Eons ago while attending Bible college I often heard the expression "good missionary training" tossed about when life's difficulties presented themselves. It was said with laughter in the voice and a comical grimace on the lips.
Today I was thinking about my time in Japan and how it might relate to my present cross cultural prairie experience. I realize that in some ways Japanese and prairie cultures share similar attitudes. This may help me to better control my blunt honesty of speech.
I realize now that both cultures are indirect cultures. Flat out honesty that cuts to the heart of the issue and expects an equally direct answer or solution is not acceptable in either culture. There is a certain amount of verbal dancing about that has to be done to achieve results. Feelings are easily wounded in both cultures by too much verbal directness that can be misinterpreted as being angry or critical.
In Alberta where I grew up, if you had a question you asked it flat out and expected a direct answer. If you had a problem needing a solution you explained it and then brought forward your own ideas, listened to the ideas of others, and argued back and forth until a solution was agreed on. If you disagreed with another person you simply said so, and the discussion continued, no big deal. Problems from roof repairs to asking someone on a date were dealt with one way or another in a very short time. Sometimes peoples' feelings were injured in the discussion, but that is life and we all grew up and got over it. There were a lot of corporate professional folk in my part of Alberta who wanted and required bottom line conversations.
But I find the prairie folk a lot like the Japanese for being indirect. On the prairies you can't come right out and say you have a difficulty with something that goes on in your town/church/bookclub/insert group name, or even a difficulty in understanding something that goes on in your town etc. To suggest that there is anything amiss or not understood is tantamount to a criticism of the town where your fellow human beings love to live, or the groups they participate happily in. It causes hurt feelings among your hearers, no matter how unintentional. To question anything is to bring about an assumption in the minds of your hearers that you are miserably unhappy with them personally. I am learning that there is no limit to the number of times I can open mouth and insert feet!
I am learning that instead of saying we should do this or that, I need to form a question such as "What do you think is best? Hmmm...maybe this or that would be possibilities?" And sometimes it is better not even to suggest a this or a that. Instead of waiting for an answer, I have to walk away with no information and wait for their subsequent actions to tell me their answer. Attempting to continue the discussion until a solution is reached is bad form. It is a bad thing to be direct as people here feel they are being put on the spot with no time to consider the best answer. The people are afraid sometimes to tell me up front what they really think because they don't want to offend me with a direct answer. It is a different way than I am used to of being extremely polite and considerate of the other person's feelings.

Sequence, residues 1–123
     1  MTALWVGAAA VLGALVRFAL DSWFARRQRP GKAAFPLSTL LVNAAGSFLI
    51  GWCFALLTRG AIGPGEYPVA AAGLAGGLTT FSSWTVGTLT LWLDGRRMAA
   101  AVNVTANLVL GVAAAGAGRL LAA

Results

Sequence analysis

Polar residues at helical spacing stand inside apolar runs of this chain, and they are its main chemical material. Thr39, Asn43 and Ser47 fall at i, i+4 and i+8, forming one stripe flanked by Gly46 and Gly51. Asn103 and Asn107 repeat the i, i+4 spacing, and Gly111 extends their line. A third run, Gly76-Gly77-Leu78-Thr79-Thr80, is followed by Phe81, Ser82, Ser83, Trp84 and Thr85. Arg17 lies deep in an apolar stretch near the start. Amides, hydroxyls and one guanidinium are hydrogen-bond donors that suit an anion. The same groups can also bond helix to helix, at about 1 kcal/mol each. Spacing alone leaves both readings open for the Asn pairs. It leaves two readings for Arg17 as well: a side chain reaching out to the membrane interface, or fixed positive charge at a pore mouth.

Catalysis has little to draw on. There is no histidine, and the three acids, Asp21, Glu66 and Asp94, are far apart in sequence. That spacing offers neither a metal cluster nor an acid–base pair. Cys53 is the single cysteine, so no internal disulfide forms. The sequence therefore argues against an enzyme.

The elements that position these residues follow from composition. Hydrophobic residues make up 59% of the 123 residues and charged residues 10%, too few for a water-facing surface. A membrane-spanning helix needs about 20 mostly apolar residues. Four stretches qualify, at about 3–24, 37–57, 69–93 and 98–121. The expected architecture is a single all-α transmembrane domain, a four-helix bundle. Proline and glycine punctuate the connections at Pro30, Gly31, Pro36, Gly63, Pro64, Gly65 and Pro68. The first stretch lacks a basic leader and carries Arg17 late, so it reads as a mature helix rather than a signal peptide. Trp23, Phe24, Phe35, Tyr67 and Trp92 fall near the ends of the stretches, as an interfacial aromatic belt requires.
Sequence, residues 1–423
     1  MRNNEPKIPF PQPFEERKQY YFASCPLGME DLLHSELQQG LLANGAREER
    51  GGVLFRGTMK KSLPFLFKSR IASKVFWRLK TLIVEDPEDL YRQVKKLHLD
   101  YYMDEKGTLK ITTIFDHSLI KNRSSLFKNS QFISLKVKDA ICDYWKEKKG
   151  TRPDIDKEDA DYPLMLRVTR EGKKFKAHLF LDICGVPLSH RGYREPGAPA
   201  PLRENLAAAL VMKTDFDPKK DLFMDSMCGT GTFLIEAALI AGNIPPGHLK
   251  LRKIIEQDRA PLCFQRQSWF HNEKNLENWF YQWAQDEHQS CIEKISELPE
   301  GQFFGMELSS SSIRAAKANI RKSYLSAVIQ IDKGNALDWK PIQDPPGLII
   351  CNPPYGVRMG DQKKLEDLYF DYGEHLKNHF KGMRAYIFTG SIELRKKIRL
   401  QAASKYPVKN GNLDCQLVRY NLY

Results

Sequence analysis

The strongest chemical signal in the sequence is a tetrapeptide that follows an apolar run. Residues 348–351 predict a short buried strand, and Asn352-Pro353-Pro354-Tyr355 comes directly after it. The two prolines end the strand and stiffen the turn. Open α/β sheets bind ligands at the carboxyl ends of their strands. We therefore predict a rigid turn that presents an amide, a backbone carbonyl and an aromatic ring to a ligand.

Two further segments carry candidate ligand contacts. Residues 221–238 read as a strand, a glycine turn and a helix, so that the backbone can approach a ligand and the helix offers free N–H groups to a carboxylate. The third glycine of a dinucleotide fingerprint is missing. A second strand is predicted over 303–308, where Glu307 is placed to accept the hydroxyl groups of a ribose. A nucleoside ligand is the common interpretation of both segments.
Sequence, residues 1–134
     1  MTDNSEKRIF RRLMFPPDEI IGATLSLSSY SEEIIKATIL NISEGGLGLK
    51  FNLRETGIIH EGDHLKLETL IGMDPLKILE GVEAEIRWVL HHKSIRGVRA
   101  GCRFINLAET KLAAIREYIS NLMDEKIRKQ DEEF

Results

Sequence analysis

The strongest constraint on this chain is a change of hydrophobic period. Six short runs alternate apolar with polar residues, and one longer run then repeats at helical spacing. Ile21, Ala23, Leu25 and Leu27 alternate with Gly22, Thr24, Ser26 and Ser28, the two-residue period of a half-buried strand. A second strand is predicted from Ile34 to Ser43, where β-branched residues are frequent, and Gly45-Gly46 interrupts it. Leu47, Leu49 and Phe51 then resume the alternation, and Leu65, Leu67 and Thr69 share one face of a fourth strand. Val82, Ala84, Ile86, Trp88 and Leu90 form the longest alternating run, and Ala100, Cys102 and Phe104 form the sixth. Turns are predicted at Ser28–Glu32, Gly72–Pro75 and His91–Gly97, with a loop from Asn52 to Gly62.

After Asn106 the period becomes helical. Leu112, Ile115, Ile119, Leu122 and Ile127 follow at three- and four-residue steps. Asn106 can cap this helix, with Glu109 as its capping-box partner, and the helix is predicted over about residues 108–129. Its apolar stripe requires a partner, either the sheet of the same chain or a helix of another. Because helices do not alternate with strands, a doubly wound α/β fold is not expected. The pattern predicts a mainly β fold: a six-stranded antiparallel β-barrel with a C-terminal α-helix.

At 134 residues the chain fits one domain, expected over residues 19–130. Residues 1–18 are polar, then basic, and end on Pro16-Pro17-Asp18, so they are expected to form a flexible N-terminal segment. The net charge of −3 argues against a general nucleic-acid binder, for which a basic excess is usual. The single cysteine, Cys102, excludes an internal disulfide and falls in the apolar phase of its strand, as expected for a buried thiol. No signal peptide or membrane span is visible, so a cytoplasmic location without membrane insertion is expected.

Japan is like that. If I asked someone there about doing something they didn't want to do, or couldn't do, they did not say an outright no because that would be offensive and rude. I learned that if I was told "it is difficult" that really it meant no, just in a more polite way; a way that is designed to make you feel certain that your request is at least being considered.
On the prairies a common expression is " oh, you don't have to bother." I was hurt the first few times I was told that after offering to do something for someone. Finally I figured out that it is their indirect way of saying they sincerely don't want me to be inconvenienced, although it can also mean no, and I am still learning to hear tone of voice and figure out context so I know which is which.
Slowly I am learning that even things that seem blatantly obvious must be verbally couched in culturally acceptable ways. Any possible interpretation of a comment as criticism, no matter that that is not the intention, is going to be met with a brick wall of silence and a hurt expression on the face of the hearer. If someone has agreed to make a decsion about something I have to be prepared to possibly wait and wait some more until they express their decision. They will get it figured out, just not at the pace I expected based on my own past cultural experiences. I have to zip my lips and let life unfold here as it will. When I need to hear the answer or know the solution, I will hear or know it at the time of need, and not before. I must learn more patience, always a good lesson to learn.
Now that I have made the connection between the indirect nature of the Japanese and the equally indirect nature of the prairie people, I think I will be able to do a more acceptable verbal dance.
I am not too old to learn to change my ways.